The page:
Feature: Museums want 'most wanted' cards


NEW YORK, Jan. 9 (UPI) -- Those sets of playing cards picturing Iraq's "most wanted" officials of the Saddam Hussein regime have begun to find their way into museum playing card collections as the most wanted cards of the year.

Now that an authentic Liberty Playing Card Company pack of the government-issue cards has been acquired by no less than the British Museum in London, the price of decks available on eBay and at souvenir shops are likely to rise. The top current price on the Internet, without proof of authenticity, is about $300.


It all started when current the U.S. military issued a deck of 52 playing-card size cards last April bearing the faces of Saddam as the king of spades, his Cabinet, his top military officers, and other members of the Iraqi ruling entourage. The first edition of 200 decks was produced by the Defense Intelligence Agency for distribution to U.S. troops to aid them in searching out the enemy for arrest.

The jokers of this first edition erroneously carried the "Hoyle" trademark of the United States Playing Card Company, although the firm was not involved in its printing. These cards are now the most sought after by collectors, although the chance of getting a full set of 52 is a long shot, according to dealers in ephemera contacted in New York.


The next printing of thousands of decks of cards was made by the Liberty Playing Card Company, a Virginia firm contracted by the DIA. They were distributed throughout the Arabian Gulf area and often were used for poker games, but many have been kept by servicemen and -women as souvenirs of their assignments to the Middle East and probably will be handed down as family treasures.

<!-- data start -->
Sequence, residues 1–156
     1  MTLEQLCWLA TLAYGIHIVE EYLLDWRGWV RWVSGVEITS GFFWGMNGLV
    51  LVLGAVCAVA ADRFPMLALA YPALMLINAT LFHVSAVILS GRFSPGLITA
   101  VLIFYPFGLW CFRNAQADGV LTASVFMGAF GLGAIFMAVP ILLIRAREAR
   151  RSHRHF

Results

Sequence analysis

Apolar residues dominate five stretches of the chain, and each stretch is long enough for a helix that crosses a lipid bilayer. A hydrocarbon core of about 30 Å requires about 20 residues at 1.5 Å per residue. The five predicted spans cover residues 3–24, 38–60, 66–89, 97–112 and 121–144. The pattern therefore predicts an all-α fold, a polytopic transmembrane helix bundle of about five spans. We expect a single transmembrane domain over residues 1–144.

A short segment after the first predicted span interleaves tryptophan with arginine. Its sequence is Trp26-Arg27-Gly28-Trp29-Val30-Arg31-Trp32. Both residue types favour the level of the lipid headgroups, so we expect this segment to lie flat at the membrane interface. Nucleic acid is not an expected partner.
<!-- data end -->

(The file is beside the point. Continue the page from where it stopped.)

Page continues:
Taking advantage of the value of the cards as collectibles, both the United States and Liberty Playing Card Company have produced "casino quality" sets for the home market, many of which have found their way into the hands of street vendors in Manhattan where they are generally priced at $5 or $6.

Not to be left out of the market, firms in China and England also have printed decks of the cards in recent months that undersell America-made decks by a dollar or two.

It was one of the Chinese-produced decks that was first acquired by the British Museum, which has a collection of more than 1,000 historic packs of playing cards, many of them produced before 1900. Museum curator Martin Royalton-Kisch told an English reporter the museum was pleased with the pack, received as a gift, until it found "made in China" stamped on the back of the packet.


"Ideally, we would like to acquire one of the sets which were officially distributed in the Gulf," Royalton-Kisch was quoted. "Those sets were the authentic ones."

However, Kisch was unable to track down one of the original 200 decks and the British Museum has had to make do with one of the Liberty card packs he bought on the Internet for $10.

"It's better than nothing," he said.

A spokesman for the Metropolitan Museum in New York, whose most famous card collection consists of baseball cards printed at the turn of the last century, said it would be interested in acquiring a pack of the Iraqi "most wanted" cards, but has not yet done so.

Sotheby's and Christie's auction houses reported that they had not yet received any of the packs for sale to collectors although they expected to in the near future. Specialists at both firms estimated that the price of one of the original 200 decks in good condition would probably be in the thousands of dollars, possibly $10,000.

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